Jeannie Suk Gersen

John H. Watson, Jr. Professor of Law

Biography

Jeannie Suk Gersen is the John H. Watson, Jr. Professor of Law at Harvard Law School, where she has taught criminal law and procedure, family law, and the law of art, fashion, and the performing arts. Before joining the faculty in 2006, she served as a law clerk to Justice David Souter on the United States Supreme Court, and to Judge Harry Edwards on the U.S. Court of Appeals for the D.C. Circuit. She was educated at Yale (B.A. 1995), and at Oxford (D.Phil 1999) where she was a Marshall Scholar, and is a graduate of Harvard Law School (J.D. 2002). She has written three books and many articles in scholarly journals and general media. Her book, At Home in the Law, was awarded the Law and Society Association's Herbert Jacob Prize for the best law and society book of the year. She has been a Guggenheim Fellow, a fellow of the MacDowell Colony, and a recipient of Harvard Law School's Sacks-Freund Award for Teaching Excellence. She is a Contributing Writer for NewYorker.com.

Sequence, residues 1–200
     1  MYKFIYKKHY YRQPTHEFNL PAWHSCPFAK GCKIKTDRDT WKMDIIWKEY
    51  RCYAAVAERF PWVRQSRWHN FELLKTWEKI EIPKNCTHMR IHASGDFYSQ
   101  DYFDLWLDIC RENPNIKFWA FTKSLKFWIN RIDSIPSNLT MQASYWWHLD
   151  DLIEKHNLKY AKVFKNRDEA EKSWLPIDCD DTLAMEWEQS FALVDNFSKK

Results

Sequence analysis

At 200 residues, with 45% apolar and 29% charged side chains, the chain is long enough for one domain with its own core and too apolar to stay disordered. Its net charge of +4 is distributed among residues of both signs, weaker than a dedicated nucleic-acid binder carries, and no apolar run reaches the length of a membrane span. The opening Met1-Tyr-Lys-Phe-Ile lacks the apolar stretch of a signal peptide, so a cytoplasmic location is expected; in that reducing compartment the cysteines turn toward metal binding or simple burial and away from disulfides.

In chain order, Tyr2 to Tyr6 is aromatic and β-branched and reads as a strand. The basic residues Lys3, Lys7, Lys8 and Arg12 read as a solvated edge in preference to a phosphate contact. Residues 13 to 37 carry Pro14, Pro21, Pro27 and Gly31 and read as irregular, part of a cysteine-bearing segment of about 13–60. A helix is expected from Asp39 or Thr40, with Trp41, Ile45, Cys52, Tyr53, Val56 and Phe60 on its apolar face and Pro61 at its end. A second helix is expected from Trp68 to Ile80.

Areas of Interest

Jeannie Suk, A Light Inside: An Odyssey of Art, Life and Law (Bookhouse 2013).
Categories:
Legal Profession
Sub-Categories:
Biography & Tribute
Type: Book
Abstract